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Support service program launched at university

An online peer support service aimed at helping students through the stresses of their lives is launching at the University of Lethbridge in what organizers are calling a Canadian first.

7 Cups of Tea held their first event at the university on Monday by providing a space for students to come and sit, and meet and discuss their concerns over tea and cookies. The kickoff was also an opportunity for students looking to volunteer some time to gain a better understanding of the program.

Mark Slomp, the U of L’s Counselling Services manager, said students using the program have the option of getting in touch with local peers trained in supportive listening, or they can reach out to the global network of volunteers.

“It’s kind of an on-demand service,” said Slomp. “They can access it 24-7, whenever they want.

“If they ever want someone to chat with to get some support, or just get something off their minds they have access to somebody trained in supportive listening.”

Students often struggle with anxiety and other pressures related to their education and campus experience and to their lives in general. Slomp said the university tries to provide as many avenues as possible for students to have any help they may need, should they decide to look for it.

The end of the semester can be particularly stressful for students, one of the reasons the event was organized for the spring.

‘That’s one of the reasons we timed it at this juncture in the semester,” he said. “This is a time when things are winding up, and the pressure increases. Finals are coming, and it’s end of term, so it is definitely a good time to launch a program like this and make students aware of it.”

7 Cups of Tea is the premier emotional support system for the Internet. Founded in 2013 by a licensed psychologist, it was designed as an emotional support system with the simple premise that everyone should have access to a great listener.

Users can go online or open an app and, within seconds, exchange texts with trained active listeners, including student peers, registered psychologists, and mental health professionals.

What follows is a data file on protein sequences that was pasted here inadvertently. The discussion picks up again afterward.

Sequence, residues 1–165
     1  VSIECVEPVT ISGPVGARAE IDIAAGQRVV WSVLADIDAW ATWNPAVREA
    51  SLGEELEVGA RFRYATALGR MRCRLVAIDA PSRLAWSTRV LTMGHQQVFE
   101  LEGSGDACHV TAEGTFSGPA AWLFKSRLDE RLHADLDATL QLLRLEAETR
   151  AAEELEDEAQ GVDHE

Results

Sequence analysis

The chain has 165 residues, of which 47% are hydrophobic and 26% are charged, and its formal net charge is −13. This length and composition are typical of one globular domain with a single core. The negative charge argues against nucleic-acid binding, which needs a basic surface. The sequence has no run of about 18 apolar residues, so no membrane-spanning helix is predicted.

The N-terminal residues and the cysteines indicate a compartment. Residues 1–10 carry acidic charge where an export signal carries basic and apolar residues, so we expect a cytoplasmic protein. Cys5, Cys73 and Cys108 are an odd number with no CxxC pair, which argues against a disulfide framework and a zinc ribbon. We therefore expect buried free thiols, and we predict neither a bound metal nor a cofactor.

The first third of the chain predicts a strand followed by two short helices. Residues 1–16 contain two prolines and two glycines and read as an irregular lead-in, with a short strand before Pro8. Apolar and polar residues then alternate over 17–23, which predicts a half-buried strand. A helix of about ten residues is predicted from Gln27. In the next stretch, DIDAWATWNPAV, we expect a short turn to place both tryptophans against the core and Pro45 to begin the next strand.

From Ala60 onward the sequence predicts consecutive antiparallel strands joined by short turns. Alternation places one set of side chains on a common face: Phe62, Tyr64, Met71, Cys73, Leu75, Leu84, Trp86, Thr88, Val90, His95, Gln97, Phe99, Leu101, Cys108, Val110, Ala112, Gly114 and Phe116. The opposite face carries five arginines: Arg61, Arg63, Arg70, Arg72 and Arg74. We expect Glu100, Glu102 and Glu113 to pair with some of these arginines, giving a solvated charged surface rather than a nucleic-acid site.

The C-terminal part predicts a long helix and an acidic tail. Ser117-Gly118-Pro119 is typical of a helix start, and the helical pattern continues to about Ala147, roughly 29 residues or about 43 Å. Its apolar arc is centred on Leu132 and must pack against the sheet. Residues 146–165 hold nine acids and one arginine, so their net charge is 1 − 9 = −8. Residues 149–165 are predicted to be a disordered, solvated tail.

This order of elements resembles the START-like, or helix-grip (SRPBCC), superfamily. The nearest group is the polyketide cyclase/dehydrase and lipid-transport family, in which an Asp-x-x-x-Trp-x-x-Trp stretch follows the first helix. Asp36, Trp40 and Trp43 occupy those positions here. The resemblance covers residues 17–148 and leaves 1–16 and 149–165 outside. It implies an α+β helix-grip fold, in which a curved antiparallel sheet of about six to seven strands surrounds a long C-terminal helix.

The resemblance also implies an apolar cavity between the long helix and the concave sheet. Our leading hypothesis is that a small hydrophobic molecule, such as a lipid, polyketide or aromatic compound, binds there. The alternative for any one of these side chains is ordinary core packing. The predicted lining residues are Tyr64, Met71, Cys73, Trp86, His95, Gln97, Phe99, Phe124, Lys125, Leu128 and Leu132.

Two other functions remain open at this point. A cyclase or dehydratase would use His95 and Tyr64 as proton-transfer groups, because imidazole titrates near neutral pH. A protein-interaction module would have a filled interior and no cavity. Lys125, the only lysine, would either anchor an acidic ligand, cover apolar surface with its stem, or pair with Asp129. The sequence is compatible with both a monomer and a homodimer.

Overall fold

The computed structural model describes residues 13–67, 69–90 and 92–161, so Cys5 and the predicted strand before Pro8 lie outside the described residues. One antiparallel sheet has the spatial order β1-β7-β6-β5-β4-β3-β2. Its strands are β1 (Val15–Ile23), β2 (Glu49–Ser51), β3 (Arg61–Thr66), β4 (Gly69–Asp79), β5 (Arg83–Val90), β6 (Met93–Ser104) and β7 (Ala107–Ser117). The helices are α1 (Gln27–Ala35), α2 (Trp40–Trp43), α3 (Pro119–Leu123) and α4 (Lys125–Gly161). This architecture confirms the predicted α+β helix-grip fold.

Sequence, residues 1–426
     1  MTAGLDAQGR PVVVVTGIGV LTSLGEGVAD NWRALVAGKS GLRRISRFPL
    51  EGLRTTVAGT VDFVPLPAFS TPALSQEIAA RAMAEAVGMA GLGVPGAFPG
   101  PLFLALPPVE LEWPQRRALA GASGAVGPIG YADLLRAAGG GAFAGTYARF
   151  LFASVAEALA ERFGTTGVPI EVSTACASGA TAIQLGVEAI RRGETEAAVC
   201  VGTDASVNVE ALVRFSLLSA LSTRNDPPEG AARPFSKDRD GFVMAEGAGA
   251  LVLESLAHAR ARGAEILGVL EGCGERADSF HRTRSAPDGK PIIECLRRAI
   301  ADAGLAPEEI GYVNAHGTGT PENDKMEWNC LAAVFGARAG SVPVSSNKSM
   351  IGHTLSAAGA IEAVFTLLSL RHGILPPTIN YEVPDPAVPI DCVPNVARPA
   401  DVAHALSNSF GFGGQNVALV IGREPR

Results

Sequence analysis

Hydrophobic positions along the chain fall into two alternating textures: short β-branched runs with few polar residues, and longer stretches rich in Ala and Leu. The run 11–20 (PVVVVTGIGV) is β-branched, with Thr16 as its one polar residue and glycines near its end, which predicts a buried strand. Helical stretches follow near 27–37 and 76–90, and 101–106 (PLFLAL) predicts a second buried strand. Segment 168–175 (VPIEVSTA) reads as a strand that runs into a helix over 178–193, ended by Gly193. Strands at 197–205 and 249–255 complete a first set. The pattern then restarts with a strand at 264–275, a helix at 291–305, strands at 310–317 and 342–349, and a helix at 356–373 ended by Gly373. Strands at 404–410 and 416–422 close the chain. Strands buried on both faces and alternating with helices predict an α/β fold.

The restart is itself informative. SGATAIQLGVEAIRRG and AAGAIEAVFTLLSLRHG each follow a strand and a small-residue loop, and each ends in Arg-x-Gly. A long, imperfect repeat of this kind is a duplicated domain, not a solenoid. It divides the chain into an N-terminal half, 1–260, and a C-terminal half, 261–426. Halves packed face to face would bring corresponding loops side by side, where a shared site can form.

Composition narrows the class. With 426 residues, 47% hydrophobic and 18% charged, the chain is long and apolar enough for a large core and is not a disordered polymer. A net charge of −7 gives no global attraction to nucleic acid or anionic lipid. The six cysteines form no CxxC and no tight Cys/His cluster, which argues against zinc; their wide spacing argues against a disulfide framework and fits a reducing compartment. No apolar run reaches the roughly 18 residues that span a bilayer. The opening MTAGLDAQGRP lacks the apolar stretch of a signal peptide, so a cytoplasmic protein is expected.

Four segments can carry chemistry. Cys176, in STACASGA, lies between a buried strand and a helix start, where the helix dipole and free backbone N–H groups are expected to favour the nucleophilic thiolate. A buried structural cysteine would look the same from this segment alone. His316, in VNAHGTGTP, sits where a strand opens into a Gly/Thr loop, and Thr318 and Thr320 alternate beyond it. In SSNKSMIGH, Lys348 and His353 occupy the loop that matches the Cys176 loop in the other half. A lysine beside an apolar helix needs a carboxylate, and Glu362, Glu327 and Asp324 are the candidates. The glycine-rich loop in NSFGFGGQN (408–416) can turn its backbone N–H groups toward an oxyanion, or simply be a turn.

The company currently boasts more than 120,000 listeners providing support in 140 languages across 180 countries worldwide.

Slomp said the university has a need for students who would like to get involved in the program as listeners. Those who sign up can take a training program and become active listeners on campus to support their peers.

Slomp said 20 per cent of students in the past year accessed counselling services, but more than 35 per cent felt that they could have used those services but did not reach out.

The program could encourage more of those students to reach out if only because they could be more inclined to do so with a fellow student.

“We know students really resonate with their peers,” Slomp said. “Peer support is a really powerful form of support. That’s why it’s really valuable to have students get involved and support one another.”

The fact the program is run through texting is significant when trying to reach young people, who are very active texters.

“We have to meet them where they are at,” Slomp said. “We have to intersect our services with how they are accessing services and support.”

Retrieved from the Lethbridge Herald, written by J.W. Schnarr